The book covers all the major topics of C++ up to the C++98 standard. It does have a nice index and table of contents that allows you to find a read more
The book covers all the major topics of C++ up to the C++98 standard. It does have a nice index and table of contents that allows you to find a topic quickly and move to the module quickly. I did not see a glossary.
The book is accurate, albeit dated.
The content is dated and this is one of the major drawbacks. I teach in an older style and I was glad to see that it showed an older model; however it hasn't been updated in a while. The online version was published in 2013, but I think the original was published in the late 90s. I was looking for the copyright date, but I couldn't find it when I was typing this. The reading list is several editions out of date and the book makes no mention of any of the C++11 or C++14 standards. The changes made to C++ in those standard changes really need to be included in a modern C++ text or it is seriously out of date.
I like the book's writing style and I find it very clear.
The book is very consistent. It follows a good style of writing and is easy to follow.
The book is modular but it's hard to assign the modules out of order due to the fact that the nature of a programming text will build off previous modules. This is extremely typical of all programming texts.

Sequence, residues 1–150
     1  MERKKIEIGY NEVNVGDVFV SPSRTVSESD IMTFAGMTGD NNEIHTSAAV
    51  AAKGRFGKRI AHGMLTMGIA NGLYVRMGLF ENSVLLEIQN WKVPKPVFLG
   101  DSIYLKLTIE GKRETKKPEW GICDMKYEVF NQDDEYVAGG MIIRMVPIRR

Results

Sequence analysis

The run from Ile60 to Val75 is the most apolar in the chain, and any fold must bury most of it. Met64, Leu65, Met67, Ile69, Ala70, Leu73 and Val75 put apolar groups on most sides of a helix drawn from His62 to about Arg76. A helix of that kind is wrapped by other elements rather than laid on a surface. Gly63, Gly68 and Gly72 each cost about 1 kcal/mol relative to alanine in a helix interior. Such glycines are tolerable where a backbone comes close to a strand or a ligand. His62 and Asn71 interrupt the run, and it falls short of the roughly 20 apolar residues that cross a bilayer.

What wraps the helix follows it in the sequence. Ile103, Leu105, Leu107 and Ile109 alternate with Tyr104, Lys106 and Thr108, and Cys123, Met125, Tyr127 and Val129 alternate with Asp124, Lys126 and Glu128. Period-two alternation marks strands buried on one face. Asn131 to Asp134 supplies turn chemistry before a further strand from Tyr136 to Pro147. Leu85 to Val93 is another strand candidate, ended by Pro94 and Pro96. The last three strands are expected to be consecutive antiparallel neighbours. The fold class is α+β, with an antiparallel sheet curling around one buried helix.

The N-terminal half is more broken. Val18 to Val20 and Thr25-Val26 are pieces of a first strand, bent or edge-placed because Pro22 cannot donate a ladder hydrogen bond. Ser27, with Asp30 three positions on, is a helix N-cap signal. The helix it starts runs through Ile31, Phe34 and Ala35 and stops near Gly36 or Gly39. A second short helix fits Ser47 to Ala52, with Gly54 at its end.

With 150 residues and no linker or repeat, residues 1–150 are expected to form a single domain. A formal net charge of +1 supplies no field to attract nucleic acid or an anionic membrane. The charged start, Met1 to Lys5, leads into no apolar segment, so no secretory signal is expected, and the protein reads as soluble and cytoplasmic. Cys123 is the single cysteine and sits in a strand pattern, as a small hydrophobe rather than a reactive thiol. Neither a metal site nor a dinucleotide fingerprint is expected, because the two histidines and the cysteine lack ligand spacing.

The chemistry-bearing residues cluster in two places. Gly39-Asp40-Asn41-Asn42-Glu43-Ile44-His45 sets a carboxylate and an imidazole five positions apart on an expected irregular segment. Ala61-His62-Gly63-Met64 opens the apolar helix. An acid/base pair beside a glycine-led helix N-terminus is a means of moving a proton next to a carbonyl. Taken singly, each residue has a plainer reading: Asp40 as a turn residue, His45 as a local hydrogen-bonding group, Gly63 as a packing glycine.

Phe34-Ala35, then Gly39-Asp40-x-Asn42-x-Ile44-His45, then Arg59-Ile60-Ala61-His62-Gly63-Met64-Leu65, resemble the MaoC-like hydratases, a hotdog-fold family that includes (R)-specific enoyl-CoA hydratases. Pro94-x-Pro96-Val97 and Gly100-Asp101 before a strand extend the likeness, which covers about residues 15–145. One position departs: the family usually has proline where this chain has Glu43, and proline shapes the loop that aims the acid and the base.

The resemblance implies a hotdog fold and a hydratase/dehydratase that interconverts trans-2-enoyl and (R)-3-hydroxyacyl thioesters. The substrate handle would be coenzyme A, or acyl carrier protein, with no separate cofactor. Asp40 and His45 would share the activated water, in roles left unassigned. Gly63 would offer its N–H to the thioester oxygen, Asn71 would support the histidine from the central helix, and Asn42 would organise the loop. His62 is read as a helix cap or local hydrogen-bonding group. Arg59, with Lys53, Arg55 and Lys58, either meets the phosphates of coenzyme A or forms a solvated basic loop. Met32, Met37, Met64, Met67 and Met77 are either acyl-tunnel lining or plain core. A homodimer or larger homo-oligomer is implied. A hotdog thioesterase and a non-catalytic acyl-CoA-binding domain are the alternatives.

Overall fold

I disagree with the flow of topics. I understand why they have chosen to introduce the topics in the way they have but I don't think this is the best way. I prefer to forestall an in-depth discussion of functions until after loops and selection. Selection and loops come very late in the topic list in my opinion.
The interface is clean, clear and easy to use.
The book has very good grammar.
The book is not culturally insensitive.
The book is okay. I don't think I would use this book in my class because there are some major issues with how the examples are developed and the topic flow. Since the modules are sequential it be too hard to rearrange and keep the content clear to the students. Also the examples show the use of global variables which, in my opinion, should be avoided and I teach that in my class, so a text that shows examples using global variables would pose a major issue. In general I feel the book needs a major revision to include more modern C++ standards, a topic flow alteration and the removal of global variables in examples.
Table of Contents
- Chapter 1. Introduction to Programming
- Chapter 2. Program Planning & Design
- Chapter 3. Data & Operators
- Chapter 4. Often Used Data Types
- Chapter 5. Integrated Development Environment
- Chapter 6. Program Control Functions